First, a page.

In 1890, Vucetich advanced to the head position in the Office of Identification at the provincial police. His move from statistics to identification signaled a new phase in hands-on policing as well as a shift in emphasis from “diagnosis” to “cure” in his work. He viewed his labors in the police force as scientific in the positivist sense—objective, measurable, and verifiable. In his view, the scientific approach carried forth in his laboratory could directly address what he and many other state officials saw as Argentina’s symptoms of social pathology, crime foremost among them. This stage had several dimensions to it, including Vucetich’s work as an individual scientist; the institutional and bureaucratic reception of dactyloscopy; and, finally, state patronage on the national level, or the nationalization of his system. The remainder of this article will describe these phases. The newly opened office followed Bertillon’s meticulous system of body measurement, notation, and classification.28 As the official in charge of the filing and day-to-day application of this byzantine record system, Vucetich became convinced that modern police forces needed a more effective method.29 In 1891, after reading an article about Galton’s work on fingerprints in the French journal Revue scientifique, Vucetich began advocating the use of fingerprints as a clearly superior method to Bertillonage.30 His recommendation to the provincial police of Buenos Aires to adopt fingerprinting made him the first public official in the world to replace the dominant anthropometric methods with fingerprint identification. His influence was felt immediately. In 1891, the Identification Service was installed in the provincial prisons of Buenos Aires, where officials strove to record and archive prints of all potential recidivists, including each prisoner and all arrestees in police stations.31 One year later, the governor of Buenos Aires Province, Julio Costa, mentioned in his official address to the provincial legislature that fingerprinting had been added to the anthropometric system.32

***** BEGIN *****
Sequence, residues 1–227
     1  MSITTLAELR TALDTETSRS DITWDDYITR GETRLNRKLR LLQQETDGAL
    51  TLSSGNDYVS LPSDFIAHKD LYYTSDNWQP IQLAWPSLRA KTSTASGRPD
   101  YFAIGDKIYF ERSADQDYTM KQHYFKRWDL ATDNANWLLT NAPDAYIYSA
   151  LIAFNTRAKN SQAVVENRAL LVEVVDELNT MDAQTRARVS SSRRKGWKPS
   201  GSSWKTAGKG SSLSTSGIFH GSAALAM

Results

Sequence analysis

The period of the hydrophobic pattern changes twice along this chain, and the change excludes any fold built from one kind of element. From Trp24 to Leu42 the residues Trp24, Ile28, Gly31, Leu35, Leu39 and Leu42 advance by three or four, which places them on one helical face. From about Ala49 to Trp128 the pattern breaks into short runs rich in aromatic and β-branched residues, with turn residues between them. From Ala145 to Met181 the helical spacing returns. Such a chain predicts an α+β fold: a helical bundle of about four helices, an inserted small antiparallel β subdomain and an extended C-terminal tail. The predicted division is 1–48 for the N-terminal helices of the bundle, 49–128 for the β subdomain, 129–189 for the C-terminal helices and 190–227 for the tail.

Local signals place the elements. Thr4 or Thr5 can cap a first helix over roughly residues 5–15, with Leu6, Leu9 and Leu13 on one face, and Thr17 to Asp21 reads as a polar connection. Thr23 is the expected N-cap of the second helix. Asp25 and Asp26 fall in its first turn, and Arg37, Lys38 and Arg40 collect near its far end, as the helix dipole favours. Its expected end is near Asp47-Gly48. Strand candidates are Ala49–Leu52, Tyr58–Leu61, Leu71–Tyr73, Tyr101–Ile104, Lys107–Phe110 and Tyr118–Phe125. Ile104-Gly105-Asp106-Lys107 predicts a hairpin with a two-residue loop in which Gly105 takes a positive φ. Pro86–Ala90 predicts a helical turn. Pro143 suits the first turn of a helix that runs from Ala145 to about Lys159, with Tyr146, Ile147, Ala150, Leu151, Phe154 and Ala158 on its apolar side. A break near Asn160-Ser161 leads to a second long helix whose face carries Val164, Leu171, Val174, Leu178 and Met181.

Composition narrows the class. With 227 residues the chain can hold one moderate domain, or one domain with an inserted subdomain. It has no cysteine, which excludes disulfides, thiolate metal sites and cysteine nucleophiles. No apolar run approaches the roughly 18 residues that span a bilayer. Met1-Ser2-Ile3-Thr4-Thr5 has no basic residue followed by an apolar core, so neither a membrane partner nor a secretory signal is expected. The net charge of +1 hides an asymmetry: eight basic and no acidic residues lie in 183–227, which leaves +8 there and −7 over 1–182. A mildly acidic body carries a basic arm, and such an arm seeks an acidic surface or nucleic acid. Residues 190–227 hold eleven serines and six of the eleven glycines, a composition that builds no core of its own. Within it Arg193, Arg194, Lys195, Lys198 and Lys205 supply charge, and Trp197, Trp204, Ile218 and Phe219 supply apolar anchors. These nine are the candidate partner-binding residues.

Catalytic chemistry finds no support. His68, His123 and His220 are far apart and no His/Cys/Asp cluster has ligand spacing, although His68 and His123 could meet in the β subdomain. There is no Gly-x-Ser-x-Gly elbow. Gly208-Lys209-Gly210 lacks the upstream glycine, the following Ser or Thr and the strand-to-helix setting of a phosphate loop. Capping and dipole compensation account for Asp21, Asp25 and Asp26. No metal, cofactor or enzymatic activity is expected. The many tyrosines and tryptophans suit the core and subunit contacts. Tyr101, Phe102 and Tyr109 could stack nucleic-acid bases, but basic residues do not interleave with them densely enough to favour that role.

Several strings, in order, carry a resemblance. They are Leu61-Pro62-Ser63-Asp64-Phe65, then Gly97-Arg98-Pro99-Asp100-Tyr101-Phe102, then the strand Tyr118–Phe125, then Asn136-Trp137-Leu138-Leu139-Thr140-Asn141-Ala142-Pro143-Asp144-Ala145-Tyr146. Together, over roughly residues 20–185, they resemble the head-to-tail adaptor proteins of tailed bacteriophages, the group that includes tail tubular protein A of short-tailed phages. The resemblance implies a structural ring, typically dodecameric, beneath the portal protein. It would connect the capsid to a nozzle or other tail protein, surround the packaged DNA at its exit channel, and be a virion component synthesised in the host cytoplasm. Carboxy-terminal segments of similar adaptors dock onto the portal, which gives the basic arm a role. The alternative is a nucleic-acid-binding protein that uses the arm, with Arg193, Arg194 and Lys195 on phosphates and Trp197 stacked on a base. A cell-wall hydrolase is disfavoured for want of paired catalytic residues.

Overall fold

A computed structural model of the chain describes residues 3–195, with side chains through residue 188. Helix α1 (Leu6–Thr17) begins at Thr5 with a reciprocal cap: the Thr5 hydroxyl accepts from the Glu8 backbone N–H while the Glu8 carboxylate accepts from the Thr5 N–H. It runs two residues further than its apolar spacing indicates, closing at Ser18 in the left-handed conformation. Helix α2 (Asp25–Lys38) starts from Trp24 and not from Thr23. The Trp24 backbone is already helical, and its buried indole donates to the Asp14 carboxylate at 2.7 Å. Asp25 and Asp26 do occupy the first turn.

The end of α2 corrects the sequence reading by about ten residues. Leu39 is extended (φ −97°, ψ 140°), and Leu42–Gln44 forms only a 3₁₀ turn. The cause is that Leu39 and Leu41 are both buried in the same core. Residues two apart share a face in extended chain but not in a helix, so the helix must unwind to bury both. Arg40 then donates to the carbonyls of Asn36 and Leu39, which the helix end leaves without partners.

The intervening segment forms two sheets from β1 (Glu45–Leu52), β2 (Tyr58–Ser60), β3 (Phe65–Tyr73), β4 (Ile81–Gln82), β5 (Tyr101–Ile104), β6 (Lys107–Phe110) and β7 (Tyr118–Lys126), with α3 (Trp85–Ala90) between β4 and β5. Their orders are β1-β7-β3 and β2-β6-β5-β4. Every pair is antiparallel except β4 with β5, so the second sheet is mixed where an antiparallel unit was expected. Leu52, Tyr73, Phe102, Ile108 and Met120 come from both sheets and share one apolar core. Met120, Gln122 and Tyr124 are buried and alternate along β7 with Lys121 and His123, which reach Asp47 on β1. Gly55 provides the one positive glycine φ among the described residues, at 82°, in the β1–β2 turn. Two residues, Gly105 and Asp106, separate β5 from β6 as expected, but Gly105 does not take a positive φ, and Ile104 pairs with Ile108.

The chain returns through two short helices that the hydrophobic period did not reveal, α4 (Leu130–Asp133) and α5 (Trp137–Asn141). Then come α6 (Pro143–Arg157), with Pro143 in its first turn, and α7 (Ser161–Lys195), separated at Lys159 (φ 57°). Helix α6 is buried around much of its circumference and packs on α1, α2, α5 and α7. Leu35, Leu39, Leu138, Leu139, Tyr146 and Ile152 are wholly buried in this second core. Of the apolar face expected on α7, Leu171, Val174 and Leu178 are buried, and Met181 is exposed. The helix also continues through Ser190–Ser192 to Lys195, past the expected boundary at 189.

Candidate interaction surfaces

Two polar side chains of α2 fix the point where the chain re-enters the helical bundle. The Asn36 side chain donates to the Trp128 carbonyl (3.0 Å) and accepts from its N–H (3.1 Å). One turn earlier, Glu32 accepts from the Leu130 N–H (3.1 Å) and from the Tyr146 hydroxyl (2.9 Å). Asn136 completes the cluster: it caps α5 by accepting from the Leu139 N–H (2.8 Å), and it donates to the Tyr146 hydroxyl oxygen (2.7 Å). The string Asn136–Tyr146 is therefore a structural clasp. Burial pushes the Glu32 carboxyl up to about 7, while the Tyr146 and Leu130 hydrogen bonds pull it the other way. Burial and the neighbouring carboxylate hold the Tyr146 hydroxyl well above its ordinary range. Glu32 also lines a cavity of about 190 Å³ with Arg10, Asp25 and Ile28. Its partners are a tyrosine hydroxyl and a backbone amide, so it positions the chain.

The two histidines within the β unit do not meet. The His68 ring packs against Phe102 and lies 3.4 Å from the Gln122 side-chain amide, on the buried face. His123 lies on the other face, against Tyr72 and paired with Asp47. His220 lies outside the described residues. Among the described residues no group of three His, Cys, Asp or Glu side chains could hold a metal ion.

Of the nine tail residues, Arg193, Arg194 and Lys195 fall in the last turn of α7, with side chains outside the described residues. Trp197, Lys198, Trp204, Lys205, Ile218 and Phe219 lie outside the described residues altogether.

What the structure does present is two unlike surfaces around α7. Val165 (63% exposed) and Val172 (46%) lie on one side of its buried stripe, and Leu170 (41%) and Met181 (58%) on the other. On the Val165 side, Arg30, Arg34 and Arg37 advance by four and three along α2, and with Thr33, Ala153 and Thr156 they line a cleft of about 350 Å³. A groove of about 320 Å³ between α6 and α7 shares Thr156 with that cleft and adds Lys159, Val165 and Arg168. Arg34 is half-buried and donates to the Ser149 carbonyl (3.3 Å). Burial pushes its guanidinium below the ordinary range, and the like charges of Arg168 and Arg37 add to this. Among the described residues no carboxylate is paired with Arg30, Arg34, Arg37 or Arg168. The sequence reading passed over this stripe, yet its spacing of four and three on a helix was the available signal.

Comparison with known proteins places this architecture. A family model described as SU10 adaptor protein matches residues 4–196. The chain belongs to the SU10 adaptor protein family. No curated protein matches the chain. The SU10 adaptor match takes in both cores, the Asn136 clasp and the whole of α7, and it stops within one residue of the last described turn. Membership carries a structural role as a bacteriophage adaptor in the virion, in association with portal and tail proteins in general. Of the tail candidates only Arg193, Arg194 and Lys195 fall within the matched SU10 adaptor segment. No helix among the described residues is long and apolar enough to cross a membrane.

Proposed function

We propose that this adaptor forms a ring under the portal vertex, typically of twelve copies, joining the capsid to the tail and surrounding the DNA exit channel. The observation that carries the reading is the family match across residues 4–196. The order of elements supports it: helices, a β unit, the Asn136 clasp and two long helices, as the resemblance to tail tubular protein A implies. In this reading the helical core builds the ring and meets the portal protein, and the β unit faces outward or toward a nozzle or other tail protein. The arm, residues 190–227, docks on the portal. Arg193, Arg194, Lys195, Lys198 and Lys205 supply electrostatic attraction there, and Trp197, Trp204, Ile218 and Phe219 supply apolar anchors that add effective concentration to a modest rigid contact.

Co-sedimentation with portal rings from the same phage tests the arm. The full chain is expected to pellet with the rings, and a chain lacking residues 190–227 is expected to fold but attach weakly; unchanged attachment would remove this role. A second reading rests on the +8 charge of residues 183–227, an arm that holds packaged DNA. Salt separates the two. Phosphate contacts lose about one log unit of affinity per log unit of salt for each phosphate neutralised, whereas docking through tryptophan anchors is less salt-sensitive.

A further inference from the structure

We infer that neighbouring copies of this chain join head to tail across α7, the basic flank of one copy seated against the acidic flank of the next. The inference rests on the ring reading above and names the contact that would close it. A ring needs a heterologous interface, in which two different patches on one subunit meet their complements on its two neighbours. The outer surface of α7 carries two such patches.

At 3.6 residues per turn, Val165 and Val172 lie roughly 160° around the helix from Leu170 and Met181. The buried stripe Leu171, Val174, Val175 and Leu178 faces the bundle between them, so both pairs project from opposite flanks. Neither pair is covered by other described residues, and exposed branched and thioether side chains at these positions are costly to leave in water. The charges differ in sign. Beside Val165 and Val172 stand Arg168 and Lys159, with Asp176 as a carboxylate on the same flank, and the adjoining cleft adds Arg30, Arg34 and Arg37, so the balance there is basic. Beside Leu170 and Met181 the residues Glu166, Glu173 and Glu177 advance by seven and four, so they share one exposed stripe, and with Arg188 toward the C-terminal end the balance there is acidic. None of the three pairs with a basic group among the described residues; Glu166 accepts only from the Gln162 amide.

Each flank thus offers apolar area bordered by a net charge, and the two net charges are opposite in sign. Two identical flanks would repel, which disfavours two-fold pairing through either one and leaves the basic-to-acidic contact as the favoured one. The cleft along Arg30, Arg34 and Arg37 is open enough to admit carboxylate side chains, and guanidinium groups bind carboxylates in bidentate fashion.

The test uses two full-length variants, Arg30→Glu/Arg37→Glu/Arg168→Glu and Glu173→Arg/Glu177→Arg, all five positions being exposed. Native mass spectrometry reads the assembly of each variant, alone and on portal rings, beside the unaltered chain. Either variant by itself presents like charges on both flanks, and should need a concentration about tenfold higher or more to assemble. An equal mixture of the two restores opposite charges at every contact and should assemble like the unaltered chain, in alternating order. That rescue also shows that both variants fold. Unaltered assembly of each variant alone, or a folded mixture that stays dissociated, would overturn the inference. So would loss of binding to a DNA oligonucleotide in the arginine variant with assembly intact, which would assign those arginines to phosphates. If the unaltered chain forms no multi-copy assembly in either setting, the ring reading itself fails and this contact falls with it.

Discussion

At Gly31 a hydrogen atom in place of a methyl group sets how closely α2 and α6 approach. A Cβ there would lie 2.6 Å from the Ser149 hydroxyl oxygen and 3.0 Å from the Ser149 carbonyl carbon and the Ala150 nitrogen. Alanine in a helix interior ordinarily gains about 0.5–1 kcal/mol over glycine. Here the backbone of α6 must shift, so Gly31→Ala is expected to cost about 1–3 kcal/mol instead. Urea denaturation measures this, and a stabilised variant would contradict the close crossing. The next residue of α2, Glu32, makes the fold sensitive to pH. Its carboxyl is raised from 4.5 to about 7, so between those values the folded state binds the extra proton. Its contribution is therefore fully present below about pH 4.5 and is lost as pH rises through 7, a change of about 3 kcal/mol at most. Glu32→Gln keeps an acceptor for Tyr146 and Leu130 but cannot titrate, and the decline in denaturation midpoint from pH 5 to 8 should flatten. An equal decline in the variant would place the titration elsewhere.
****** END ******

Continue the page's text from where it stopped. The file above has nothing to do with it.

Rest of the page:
At the same time, however, Vucetich also found that Galton’s system, with its three-part organization of finger pads, was too general to be of any use. Vucetich, who thought of Galton as the “father of fingerprinting” and considered himself but an improver and proselytizer of the system, had within a few months done what Galton could not—he created a universal classification scheme based on a manageable number of subdivisions of finger pad patterns. Initially calling it icnofalangométrica (derived from the Greek term for “finger track measurement”), in 1896 he renamed his revised system with the more accessible term dactiloscopía (Latin for “finger description”). The name change reflected not only a streamlining in classification of types of fingertip patterns but also a shift from scientific measurement of fingerprints to classification—the difference between the observation and study of information and its ordering in a useful way.33 Vucetich’s innovation was to subclassify loops, for example, identifying an “internal” inclination, or tracks leaning to the left with the outer ridge to the right of the observer, as well as the reverse, “external” inclining loops. Vucetich’s simple classification consisted of the assignment of four single letters (AIEV) to thumbprints and numbers (1234) to the types of marks on the remaining four fingers. An individual’s fingerprints could thus be classified, filed, and easily located by each finger’s code. For example, the designation V2443 meant (from thumb to pinky) whorl, inner loop, whorl, whorl, outer loop. Finally, Vucetich used a secondary classification to further subdivide sets of fingerprints, in which he assigned five subtypes to each of the four primary types. Then, he added an additional distinction to each by counting the ridges between the core (the point at the center of the pattern) and the delta (the outer ridge of the core pattern) on two of the fingers and adding them in parentheses to the fingerprint code.34 It was the limited number of these subdivisions that rendered his method of fingerprinting viable for mass identification and classification. The subclasses of patterns were few enough to be easily defined, yet diverse enough to be filed and selected, or easily matched. After fingerprinting, police officials would analyze and type each print, recording the five-digit code on an identification card that held a photograph or other personal information. An officer would then file the cards by their print type in multi-drawer cabinets, each drawer clearly labeled. Record cards were copied and sent to police stations in other cities, or even other countries, to aid in prosecuting criminal cases and in identifying at-large recidivists.